The people in rural areas who voted for President Trump in droves have much at stake in his proposed budget.
Trump's budget plan cuts a wide range of federal funding sources, including a water and sewer program that provided more than $200 million to greater Minnesota communities over the last five years.
Take the example of Tracy, Minn., where the sewage system has reached its limit — forcing economic development to a halt.
Tracy is on track to start a roughly $11 million rebuild of the sewage system within weeks. Most of the money comes from low-interest federal loans and grants the town has already secured.
But Trump's budget plan threatens to stop the project in its final stages by cutting out funding sources.
Tracy resident Rose Marie Brooks said the Trump budget is short-sighted.
"Little towns do need help," Brooks said. "They're struggling to make ends meet."
Finishing the new sewage system is critical for Tracy as it's competing for a new shrimp-production facility that could bring hundreds of jobs to the town. Fifty-eight percent of Tracy voters choose Trump in last fall's election.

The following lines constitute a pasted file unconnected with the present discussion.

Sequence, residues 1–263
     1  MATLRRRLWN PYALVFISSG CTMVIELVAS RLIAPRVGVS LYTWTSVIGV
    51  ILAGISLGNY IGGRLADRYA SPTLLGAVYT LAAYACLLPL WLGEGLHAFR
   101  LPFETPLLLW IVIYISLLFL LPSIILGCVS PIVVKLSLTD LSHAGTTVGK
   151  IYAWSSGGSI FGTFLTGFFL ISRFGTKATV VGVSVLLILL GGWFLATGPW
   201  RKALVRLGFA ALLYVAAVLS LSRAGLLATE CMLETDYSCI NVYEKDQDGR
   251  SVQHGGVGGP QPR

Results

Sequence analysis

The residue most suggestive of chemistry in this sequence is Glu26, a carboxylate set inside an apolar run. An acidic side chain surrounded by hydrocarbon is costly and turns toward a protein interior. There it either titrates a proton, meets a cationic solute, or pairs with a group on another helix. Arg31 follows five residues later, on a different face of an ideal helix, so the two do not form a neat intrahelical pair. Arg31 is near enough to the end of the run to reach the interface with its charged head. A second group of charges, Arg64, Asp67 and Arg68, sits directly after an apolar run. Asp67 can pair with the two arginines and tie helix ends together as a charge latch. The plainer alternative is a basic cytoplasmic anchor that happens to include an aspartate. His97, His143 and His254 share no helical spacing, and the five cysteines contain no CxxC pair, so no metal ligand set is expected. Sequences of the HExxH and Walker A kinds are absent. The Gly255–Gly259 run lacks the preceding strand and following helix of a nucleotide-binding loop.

The Trump budget plan would create other types of pain for rural Minnesota, too. Energy assistance, air-service programs and federal agriculture department staffing could all see cuts. The proposal doesn't affect farm subsidy payments.
Trump supporters like Keith Scheidt of Adrian, Minn., say the proposed reductions are bitter, but they're necessary to get government spending under control.
But Trump's budget leaves Medicare and Social Security untouched, even though the nonpartisan Congressional Budget Office says those programs are among the biggest drivers of the national debt.
The fate of the Trump budget cuts is anyone's guess since even Republican congressional leaders give his plan a thumbs down.
For Ruth Hubbard, executive director of the Minnesota Rural Water Association, that means there's room for negotiation.
The need for federal water and sewer assistance is especially acute in the state's smallest communities, she said, which lack a large enough tax base to fund major projects.
In the last few years, many tiny Minnesota towns have benefited from federal help.
Hubbard's confident that rural interests can educate the president on the fundamentals of water.
"It really is non-political," she said. "I don't care what side of the fence that you are on, everybody uses water and everybody expects the waste water to just go away. So, we'll be able to work with the Trump administration."